I try and load tables via MySQL and get the following error?
MySQL said: Table ‘cms’ was not locked with LOCK TABLES
Why does the table need to be Locked? I haven’t seen this before? is there any way to unlock? do you even want to?
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If in one session, you locked one table but want to select from another table, you must either lock that table too or unlock all tables.
mysql> LOCK TABLES t1 READ; mysql> SELECT COUNT(*) FROM t1; +----------+ | COUNT(*) | +----------+ | 3 | +----------+ mysql> SELECT COUNT(*) FROM t2; ERROR 1100 (HY000): Table 't2' was not locked with LOCK TABLES
The solution for me was to unlock the tables. They had been locked by a previous query which failed before reaching the
unlock tables statement.
UNLOCK TABLES SELECT ...
MySQL enables client sessions to acquire table locks explicitly for
the purpose of cooperating with other sessions for access to tables,
or to prevent other sessions from modifying tables during periods when
a session requires exclusive access to them. A session can acquire or
release locks only for itself. One session cannot acquire locks for
another session or release locks held by another session.
Locks may be used to emulate transactions or to get more speed when
updating tables. This is explained in more detail later in this
LOCK TABLES explicitly acquires table locks for the current client
session. Table locks can be acquired for base tables or views. You
must have the LOCK TABLES privilege, and the SELECT privilege for each
object to be locked.
For view locking, LOCK TABLES adds all base tables used in the view to
the set of tables to be locked and locks them automatically. If you
lock a table explicitly with LOCK TABLES, any tables used in triggers
are also locked implicitly, as described in Section 126.96.36.199, “LOCK
TABLES and Triggers”.
UNLOCK TABLES explicitly releases any table locks held by the current
session. LOCK TABLES implicitly releases any table locks held by the
current session before acquiring new locks.
Another use for UNLOCK TABLES is to release the global read lock
acquired with the FLUSH TABLES WITH READ LOCK statement, which enables
you to lock all tables in all databases. See Section 188.8.131.52, “FLUSH
Syntax”. (This is a very convenient way to get backups if you have a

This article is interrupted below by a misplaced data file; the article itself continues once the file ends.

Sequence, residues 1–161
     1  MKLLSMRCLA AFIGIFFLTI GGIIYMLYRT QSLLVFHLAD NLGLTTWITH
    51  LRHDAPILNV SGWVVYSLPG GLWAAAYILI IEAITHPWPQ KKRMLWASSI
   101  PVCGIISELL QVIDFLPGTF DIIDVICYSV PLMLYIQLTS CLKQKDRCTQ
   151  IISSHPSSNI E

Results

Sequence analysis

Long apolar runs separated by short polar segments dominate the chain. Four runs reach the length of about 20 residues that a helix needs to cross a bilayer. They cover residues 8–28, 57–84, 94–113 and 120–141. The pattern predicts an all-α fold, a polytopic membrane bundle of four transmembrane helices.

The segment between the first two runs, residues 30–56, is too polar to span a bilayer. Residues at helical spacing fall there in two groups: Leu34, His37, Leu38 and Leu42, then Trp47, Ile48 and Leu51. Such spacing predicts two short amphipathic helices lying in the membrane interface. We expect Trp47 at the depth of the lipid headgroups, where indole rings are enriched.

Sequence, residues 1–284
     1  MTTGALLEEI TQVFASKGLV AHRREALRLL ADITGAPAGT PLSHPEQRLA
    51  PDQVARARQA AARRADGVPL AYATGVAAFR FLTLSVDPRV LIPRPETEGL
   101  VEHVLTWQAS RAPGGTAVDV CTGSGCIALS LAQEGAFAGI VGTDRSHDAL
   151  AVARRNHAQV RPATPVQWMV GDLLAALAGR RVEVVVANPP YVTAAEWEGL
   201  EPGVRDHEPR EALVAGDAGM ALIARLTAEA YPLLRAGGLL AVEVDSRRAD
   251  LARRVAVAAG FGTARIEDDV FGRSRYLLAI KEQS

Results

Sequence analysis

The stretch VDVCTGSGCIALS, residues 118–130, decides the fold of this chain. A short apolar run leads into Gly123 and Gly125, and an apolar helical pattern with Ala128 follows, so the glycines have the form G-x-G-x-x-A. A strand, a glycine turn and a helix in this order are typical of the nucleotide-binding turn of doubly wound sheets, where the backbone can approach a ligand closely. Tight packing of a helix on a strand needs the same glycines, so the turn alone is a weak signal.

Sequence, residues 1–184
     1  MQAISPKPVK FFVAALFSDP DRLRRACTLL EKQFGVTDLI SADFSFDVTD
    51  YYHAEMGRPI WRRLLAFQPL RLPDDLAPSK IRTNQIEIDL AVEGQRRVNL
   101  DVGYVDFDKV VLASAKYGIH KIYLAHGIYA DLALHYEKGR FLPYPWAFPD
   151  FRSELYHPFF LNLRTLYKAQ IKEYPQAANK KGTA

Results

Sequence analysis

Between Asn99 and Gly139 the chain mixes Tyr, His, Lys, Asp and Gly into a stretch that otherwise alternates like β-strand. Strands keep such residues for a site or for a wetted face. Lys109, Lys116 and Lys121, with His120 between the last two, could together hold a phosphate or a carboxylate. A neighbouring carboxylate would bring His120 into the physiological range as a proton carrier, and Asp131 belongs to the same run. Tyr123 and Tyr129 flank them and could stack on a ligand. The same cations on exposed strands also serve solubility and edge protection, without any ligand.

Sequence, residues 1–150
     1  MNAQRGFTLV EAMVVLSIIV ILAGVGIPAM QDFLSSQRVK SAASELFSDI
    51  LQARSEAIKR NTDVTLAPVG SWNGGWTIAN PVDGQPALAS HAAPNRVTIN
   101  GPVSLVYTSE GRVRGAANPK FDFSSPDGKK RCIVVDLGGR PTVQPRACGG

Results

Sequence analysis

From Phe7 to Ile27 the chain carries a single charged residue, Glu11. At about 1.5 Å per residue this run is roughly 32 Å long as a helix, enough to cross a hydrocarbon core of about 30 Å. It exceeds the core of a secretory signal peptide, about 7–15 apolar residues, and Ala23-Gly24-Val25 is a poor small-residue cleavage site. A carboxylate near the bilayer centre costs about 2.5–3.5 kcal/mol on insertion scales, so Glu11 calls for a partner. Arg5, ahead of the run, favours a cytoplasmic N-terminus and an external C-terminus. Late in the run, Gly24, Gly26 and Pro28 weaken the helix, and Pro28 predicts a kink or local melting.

file system such as Veritas that can take snapshots in time.)
Syntax for LOCK and UNLOCK
LOCK TABLES tbl_name [[AS] alias] lock_type [, tbl_name [[AS] alias] lock_type] ... lock_type: READ [LOCAL] | [LOW_PRIORITY] WRITE
LOCK TABLE t WRITE, t AS t1 READ;
One of the most important lines in the MySQL docs relating to the “Table ‘my_table’ was not locked with LOCK TABLES” message is as follows:
“While the locks thus obtained are held, the session can access only the locked tables”
This means that if you are trying to access any other table in the database while the LOCK is in place you will get the error message “Table ‘my_table’ was not locked with LOCK TABLES”
The fix is to apply the lock to all of the tables you want to have access to during the lock like this. “LOCK TABLES table_1 WRITE, table_2 WRITE”
Where table_1 is the one you really want to lock but you also want to access table_2 during the same process.
This was confusing because I was locking only table_1 but the error message was telling me Table ‘table_2’ was not locked with LOCK TABLES
Took me a while to figure out why table_2 was even involved. I hope that this helps someone else with the same issue.
In my case the problem was the aliases.
From the docs:
If your statements refer to a table by means of an alias, you must lock the table using that same alias. It does not work to lock the table without specifying the alias.
Conversely, if you lock a table using an alias, you must refer to it in your statements using that alias.
LOCK TABLE my_table READ; SELECT * FROM my_table t; #ERROR 1100: Table 't' was not locked with LOCK TABLES
LOCK TABLE my_table t READ; SELECT * FROM my_table t;
I encountered this problem:
LOCK TABLE <table_a> READ; LOCK TABLE <table_b> READ; LOCK TABLE <table_a> WRITE; LOCK TABLE <table_b> WRITE;
then I read from , this raises
Table 'table_a' was not locked with Lock Tables.
After reading documentation, I fix the lock code to :
LOCK TABLE <table_a> WRITE, <table_b> WRITE
This solve the problem for me.
READ Read lock, no writes allowed
WRITE Exclusive write lock. No other connections can read or write to this table
In my case, this error occurred because I was attempting to import data from Windows to Linux: Windows is case-insensitive and had all lowercase table names, but Linux is case-sensitive and had the same table names, but with uppercase letters. Once I changed the case of the source table names to match the destination table names, this error no longer occurred. The following SO post explains the case sensitivity issue between Windows and Linux in regards to mysql: Are table names in MySQL case sensitive?
I had what appears a forked process in my stored procedure. It was causing the error:
#ERROR 1100: Table 'cached_sales_data' was not locked with LOCK TABLES
on the following SQL Statements:
LOCK TABLES cached_sales_data WRITE, v_sales_data_2 READ; call refresh_sales_data_now (); UNLOCK TABLES;
It was in fact being caused by a where clause sub-query in the refresh_sales_data_now() stored procedure.
... where orderdatetime > (select max(orderdatetime) from cached_sales_data)
According to the docs, I would need to create a second READ lock with an alias during the initial lock, then I can write and use the alias for the secondary select.
LOCK TABLES cached_sales_data WRITE, cached_sales_data as csd READ, v_sales_data_2 READ;
... where orderdatetime > (select max(orderdatetime) from csd)